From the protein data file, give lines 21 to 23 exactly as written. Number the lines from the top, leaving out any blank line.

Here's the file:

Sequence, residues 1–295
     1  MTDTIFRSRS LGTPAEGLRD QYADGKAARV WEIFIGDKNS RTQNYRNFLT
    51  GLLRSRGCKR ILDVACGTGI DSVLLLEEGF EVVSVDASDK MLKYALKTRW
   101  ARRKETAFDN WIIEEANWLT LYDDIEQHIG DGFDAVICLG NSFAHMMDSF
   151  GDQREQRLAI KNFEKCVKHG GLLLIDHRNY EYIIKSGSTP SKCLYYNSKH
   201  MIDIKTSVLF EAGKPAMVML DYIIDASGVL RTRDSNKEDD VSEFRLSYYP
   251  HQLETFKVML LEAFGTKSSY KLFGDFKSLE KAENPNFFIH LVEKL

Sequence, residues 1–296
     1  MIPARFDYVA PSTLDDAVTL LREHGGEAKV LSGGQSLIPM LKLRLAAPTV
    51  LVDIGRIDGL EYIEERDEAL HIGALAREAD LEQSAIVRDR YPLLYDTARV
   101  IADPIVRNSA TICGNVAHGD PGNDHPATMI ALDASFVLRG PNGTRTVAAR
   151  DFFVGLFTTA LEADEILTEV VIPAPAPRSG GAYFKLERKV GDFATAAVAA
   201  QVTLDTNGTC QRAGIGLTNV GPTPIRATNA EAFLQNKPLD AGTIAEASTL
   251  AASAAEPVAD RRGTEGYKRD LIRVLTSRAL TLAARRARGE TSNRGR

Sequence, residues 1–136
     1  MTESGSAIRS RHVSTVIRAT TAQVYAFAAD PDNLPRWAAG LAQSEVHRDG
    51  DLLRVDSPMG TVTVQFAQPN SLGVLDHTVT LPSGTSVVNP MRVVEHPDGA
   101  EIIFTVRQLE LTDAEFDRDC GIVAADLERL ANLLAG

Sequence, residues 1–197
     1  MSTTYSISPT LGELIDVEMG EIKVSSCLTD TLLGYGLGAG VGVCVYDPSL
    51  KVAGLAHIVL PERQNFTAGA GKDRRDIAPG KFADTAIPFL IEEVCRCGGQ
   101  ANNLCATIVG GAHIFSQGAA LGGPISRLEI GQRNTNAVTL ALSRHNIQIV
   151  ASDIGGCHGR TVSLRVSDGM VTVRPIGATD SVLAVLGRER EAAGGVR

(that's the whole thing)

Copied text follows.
    51  KVAGLAHIVL PERQNFTAGA GKDRRDIAPG KFADTAIPFL IEEVCRCGGQ
   101  ANNLCATIVG GAHIFSQGAA LGGPISRLEI GQRNTNAVTL ALSRHNIQIV
   151  ASDIGGCHGR TVSLRVSDGM VTVRPIGATD SVLAVLGRER EAAGGVR